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Coral Reefs….Calypso…pre-planning stage…

http://209.85.165.104/search?q=cache:sMmnJr_H3h0J:ccmaserver.nos.noaa.gov/ecosystems/

coralreef/coral2008/pdf/FloridaSE.pdf+b+cole+lauderdale+by+the+sea&hl=e

SCROLL TO PAGE 9…Calypso…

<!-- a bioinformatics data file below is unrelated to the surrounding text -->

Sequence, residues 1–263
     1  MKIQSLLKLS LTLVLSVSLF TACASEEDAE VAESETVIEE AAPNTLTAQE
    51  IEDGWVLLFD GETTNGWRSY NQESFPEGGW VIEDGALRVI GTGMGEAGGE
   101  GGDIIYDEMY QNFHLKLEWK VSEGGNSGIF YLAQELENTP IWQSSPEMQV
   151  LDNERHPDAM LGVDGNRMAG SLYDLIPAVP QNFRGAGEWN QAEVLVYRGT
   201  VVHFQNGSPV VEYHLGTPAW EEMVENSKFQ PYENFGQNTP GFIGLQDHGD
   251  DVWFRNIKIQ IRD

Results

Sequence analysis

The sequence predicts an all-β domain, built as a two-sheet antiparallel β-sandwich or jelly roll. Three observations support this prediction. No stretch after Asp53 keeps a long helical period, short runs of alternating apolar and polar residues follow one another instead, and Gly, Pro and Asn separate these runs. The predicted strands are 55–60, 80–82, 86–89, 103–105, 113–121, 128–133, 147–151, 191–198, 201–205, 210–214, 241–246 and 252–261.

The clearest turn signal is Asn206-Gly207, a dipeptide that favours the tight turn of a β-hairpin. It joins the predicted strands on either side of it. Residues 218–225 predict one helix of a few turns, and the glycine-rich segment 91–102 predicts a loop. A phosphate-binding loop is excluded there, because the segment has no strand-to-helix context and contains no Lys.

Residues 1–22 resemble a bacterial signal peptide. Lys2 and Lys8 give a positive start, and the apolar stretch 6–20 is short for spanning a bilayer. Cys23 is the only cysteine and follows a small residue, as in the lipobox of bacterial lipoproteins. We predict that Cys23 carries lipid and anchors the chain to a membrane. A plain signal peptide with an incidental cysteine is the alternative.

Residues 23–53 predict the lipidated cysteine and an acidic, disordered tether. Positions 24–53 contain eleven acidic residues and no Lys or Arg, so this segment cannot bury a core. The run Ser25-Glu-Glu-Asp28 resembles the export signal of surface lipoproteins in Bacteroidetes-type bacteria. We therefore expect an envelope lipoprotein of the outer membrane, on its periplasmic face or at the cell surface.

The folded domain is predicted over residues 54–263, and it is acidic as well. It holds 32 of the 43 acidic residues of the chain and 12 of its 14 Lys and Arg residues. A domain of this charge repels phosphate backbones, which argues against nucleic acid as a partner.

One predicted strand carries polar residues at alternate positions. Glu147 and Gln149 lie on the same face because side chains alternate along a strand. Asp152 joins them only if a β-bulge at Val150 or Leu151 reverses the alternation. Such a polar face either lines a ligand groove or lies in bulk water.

“Offshore Oil and Gas Exploration There continues to be no oil or gas drilling operations in the state waters of southeast Florida.OtherSubsea Engineering Projects: Gas Pipelines and Fiber Optic Cables Installation of fiber optic cables and construction of gas pipelines can have a major impact on coral reefs. Stony corals, gorgonians and sponges can become abraded or dislodged during pipeline installation, increased sedimentation and leaks of drilling mud and lubricants during horizontal directional drilling (HDD) can smother corals, and resultant increases in turbidity reduces the amount of light necessary for healthy function. Although cables have a small impact footprint, cor-als and other reef organisms can be chronically impacted by shading and abrasion (PBS&J, 1999). Storm events can lead to movement of cables on the substrate, which can result in abrasion of corals and reef substrate. Over the last twenty years there has been over 12 acres of nearshore reef damaged during pipeline installation in southeastern Florida (U.S. Fish and Wildlife Service. SE Region, 2004). There are two gas pipeline projects currently being reviewed for permits in the southeast Florida region, AES Ocean Express and Calypso U.S. Pipeline, LLC, and they are expected to incur greater than seven acres and 4.5 acres of reef damage, respectively. Both of these projects plan to pipe liquid natural gas from facilities in the Bahamas to exit points in Broward County. However, as an alternative, Calypso is proposing a deepwater port approximately 10 miles offshore from Port Everglades. There have been no new fiber optic cable permits issued since 2001 for the southeast Florida region (Vince, pers. comm.). Since 2003, recommendations have been made to minimize impacts to reef systems, such as decreasing tur-bidity thresholds, using reef gaps to lay cables, implementation of tunneling and elimination of HDD, coral relocation for corals at risk, and increased monitoring and mitigation…..”

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